The Double Interview Task: Assessing the Social Communication of Children with Asperger Syndrome
- The Double Interview Task: Assessing the Social Communication of Children with Asperger Syndrome
- Chapter I - Introduction
- Social Cognition
- Social Cognition and Asperger Syndrome
- Social Cognition and Communication
- Assessment of Social Cognition
- Communication Assessment
- The Double Interview Task
- Purpose of the Study
- Chapter II - Methods-Participants
- Data Collection and Coding
- Chapter III - Results
- Quantitative Measures
- Qualitative Measures
- Chapter IV
- Chapter IV - Quantitative Differences
- Qualitative Differences
- Implications for Use
- Implications for Future Research
- All Pages
Pragmatic assessment needs to take place within the framework of a whole discourse and not within the framework of individual units, which have been isolated from context (Neville, 1990). According to Klin and Volkmar (2003), a communication assessment for an individual with autism spectrum disorder should examine nonverbal forms of communication such as gaze and gestures, nonliteral language, suprasegmental aspects of speech (patterns of inflection, stress, volume), pragmatics such as turn taking, and content, coherence, and contingency of conversation. Often the child's disability is much more apparent during periods in which the child is not given any instruction and has no imposed expectation as to how to behave (Klin & Volkmar, 2003). Based on the fact that the social communication of individuals with Asperger Syndrome is highlighted during natural conversation, an assessment that accurately illustrates these deficits should be based on a conversational model.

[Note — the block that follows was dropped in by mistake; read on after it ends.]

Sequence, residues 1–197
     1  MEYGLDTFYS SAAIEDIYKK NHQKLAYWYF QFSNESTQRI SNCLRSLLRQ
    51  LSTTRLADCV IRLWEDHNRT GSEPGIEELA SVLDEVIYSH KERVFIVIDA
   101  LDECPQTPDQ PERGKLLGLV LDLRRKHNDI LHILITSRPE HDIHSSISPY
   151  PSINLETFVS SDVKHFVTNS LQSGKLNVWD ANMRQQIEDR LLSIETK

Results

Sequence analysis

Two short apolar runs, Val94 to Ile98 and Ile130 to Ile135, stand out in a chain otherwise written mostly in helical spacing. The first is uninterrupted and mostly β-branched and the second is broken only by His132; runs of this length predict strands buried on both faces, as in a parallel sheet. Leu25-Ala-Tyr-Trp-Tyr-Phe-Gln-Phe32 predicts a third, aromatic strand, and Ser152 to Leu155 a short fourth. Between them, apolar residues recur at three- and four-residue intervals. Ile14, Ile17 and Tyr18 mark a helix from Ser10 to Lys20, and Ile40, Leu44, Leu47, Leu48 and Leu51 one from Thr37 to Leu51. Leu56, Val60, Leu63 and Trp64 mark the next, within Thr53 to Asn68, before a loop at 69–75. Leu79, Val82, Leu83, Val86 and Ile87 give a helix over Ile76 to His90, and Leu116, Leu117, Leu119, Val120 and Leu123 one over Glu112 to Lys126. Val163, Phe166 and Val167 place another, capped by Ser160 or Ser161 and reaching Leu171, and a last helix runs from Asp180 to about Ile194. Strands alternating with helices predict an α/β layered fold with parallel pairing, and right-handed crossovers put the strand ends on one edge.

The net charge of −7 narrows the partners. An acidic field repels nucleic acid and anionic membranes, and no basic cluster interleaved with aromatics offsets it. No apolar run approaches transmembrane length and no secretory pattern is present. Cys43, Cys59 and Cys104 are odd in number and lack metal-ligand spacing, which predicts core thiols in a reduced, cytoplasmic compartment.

In order to understand what makes an individual a successful or unsuccessful communicator, obtaining normative data based on predictive statistics is not enough. This data gives little information about the strengths and areas of need of the individual as a communicator. Instead, the focus should be on actual behaviors and the functional aspects of communication in order to determine whether difficulties exist and why those difficulties exist (Tetnowski & Franklin, 2003). A standardized tool that evaluates social-pragmatic skills while engaged in conversation is not available in the field of speech-language pathology.
Though there are no standardized measures of social communication, Damico (1991) developed the Clinical Discourse Analysis, which takes a functional rather than a structural perspective of language. The Clinical Discourse Analysis is based on Grice's (1975) cooperative principle, which states that conversation is accomplished by cooperation between the people communicating together. In this assessment, a conversational sample is taken, transcribed and then analyzed for errors in the categories of quantity, quality, relation and manner of communication. The tool has been used to identify individuals who have difficulties with conversational language skills.